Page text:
Zimbabwe amends the carbon law to help investors retain more profits.

– We are doing this to be competitive in attracting the right investors, as every project is an investment in communities, a government official said.

John Cassim

Harare, Zimbabwe (CZ) – Zimbabwe has amended its new carbon law that was initially enacted a month ago to allow developers to keep 70% of the profits, compared to 50% that was stipulated in May.

The state will still keep 30% and distribute it to the Treasury, appropriate local authorities, and investments into climate change adaptation.

This now means the developers will no longer be required to hand over a quarter of their 70% share of profit to local communities, according to the amendment gazetted on September 26.

Environment, Climate, and Wildlife Minister Mangaliso Ndlovu is quoted by Bloomberg as saying the amendment is progressive and attracts the right investors.

“We are doing this to be competitive in attracting the right investors, as every project is an investment in communities. They will still benefit from the 30% that goes to the government,” he said.

In May, Zimbabwe stirred the US$2 billion global carbon market when it suddenly cancelled all existing carbon credit trading deals and said the government would take 50% of the proceeds of any projects, and at least 20% would need to be held by local investors.

That brought about concerns about the unpredictability of the largely unregulated industry, where countries can change rules overnight.

The government said then that developers had 60 days to reapply for reinstatement and that they would now keep 30% of the proceeds in the form of an environment levy for the first 10 years of their operation.

– Carbon trading staus

Currently, Zimbabwe is the third-biggest producer of carbon credits on the continent, accounting for about an eighth of production.

A single carbon credit represents a tonne of carbon dioxide or its equivalent, either removed from the atmosphere or prevented from entering it in the first place.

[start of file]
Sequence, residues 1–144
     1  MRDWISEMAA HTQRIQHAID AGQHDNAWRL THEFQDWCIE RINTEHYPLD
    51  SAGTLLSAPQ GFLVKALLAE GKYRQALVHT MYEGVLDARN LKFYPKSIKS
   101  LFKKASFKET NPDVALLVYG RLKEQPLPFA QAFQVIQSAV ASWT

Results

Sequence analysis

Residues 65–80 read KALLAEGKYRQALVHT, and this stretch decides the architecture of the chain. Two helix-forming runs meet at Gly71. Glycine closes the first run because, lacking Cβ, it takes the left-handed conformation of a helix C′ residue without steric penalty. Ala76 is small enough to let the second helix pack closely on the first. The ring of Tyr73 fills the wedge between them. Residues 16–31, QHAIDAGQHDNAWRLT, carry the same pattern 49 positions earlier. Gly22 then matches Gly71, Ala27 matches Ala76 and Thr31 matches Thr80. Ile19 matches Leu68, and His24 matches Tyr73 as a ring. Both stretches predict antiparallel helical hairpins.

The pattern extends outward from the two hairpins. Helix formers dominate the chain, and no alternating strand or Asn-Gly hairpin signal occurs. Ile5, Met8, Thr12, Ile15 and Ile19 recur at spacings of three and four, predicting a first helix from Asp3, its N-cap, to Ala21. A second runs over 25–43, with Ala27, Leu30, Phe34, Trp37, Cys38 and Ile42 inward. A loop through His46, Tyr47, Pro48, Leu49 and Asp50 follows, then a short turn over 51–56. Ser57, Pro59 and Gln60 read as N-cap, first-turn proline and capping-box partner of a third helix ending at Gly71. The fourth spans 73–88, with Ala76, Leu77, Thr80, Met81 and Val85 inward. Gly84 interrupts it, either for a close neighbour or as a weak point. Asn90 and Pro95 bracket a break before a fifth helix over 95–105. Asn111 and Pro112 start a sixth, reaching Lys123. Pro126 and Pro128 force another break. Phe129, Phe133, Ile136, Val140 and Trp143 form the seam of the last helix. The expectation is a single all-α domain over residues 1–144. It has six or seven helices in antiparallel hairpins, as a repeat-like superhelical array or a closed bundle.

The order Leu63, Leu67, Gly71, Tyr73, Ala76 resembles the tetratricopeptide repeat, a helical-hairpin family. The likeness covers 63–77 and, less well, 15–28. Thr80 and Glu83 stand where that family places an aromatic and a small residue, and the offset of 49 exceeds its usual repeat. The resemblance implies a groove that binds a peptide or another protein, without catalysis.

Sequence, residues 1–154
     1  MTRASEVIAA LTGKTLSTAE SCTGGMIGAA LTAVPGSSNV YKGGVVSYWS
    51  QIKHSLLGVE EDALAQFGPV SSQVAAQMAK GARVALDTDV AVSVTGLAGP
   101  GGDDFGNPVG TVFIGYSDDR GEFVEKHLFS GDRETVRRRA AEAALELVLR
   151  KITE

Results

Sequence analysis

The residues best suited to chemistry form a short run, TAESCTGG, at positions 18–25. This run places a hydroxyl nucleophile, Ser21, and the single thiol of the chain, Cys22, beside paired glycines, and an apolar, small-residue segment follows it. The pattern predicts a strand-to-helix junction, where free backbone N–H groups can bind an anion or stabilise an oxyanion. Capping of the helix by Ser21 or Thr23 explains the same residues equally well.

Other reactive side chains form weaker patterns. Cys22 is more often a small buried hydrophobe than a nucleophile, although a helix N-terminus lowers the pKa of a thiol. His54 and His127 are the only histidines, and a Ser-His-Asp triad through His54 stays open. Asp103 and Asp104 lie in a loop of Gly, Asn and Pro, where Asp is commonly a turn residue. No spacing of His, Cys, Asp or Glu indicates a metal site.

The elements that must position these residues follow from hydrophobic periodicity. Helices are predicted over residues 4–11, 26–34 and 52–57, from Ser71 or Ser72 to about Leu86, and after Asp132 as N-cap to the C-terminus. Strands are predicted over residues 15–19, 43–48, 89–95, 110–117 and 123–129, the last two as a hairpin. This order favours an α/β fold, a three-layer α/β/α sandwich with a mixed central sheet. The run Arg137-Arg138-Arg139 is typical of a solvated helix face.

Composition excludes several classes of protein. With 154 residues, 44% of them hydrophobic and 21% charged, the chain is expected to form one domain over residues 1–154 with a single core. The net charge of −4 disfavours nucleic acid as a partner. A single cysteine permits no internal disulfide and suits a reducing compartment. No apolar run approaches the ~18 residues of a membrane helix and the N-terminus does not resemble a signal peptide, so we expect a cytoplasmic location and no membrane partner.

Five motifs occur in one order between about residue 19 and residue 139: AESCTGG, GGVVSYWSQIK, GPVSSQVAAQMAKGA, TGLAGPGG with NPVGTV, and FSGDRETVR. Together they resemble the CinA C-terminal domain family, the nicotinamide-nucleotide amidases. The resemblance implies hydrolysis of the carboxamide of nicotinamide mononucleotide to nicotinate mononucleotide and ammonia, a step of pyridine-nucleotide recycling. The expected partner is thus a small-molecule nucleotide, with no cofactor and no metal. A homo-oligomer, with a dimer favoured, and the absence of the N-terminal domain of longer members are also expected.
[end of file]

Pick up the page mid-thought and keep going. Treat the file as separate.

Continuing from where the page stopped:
Those securities are bought by producers of climate-warming gases who want to offset their emissions.

Developers have welcomed the latest development after wide consultations coupled with several conferences in Harare and Victoria Falls on carbon trading.

-Reaction by consultants

However, consultants have raised concern over the failure of the Zimbabwean government to take charge of its natural resources.

“The amendment to SI 150 of 2023 of the Carbon Credit Framework is basically an indication of the pressure that Zimbabwe finds herself in within the global market.

What it also means is that Zimbabwe could probably not determine its own carbon credits or its sovereign power around its natural resources when we begin to consider that we are a net  emitter.”Sydney Chisi, a consultant and Executive Director of Reyna Trust, said

According to him, the pinning point has always been what the investors get away with and what they benefit from this whole process.

“Initially, what the government set to benefit was pretty high, which is normal for a country that is endowed with natural resources like carbon syncs, but it looks like the investors have been pushing for a better deal and even threatening to leave the country or even leave the negotiating table of what was happening,” Chisi explained.

“The indication that came out of the Africa Climate Summit held in Kenya a few weeks ago was that the world is moving towards market-based climate action, and this left Zimbabwe with no option but to be part of that whole scenario,” Chisi added.

Zimbabwe adopted the voluntary mechanism, not the compliance mechanism, hence, with the voluntary mechanism, a country cannot make much money.

In the absence of a stronger bargaining power than a country has, there is very little to be made out of the whole deal.

“The desperation of making investors get 70% of the dividend and within the 30% that is where the government distributes shares to all other stakeholders, including communities, is a shame.

It tells us how the world, including the climate sector, is being pushed by a neoliberal system that looks at profits before people, and until we get over that agenda, it means that climate action in Africa will not have sustainable recourse,” Chisi bemoaned.

Sydney went further to query why nations that have natural resources do not determine the market.

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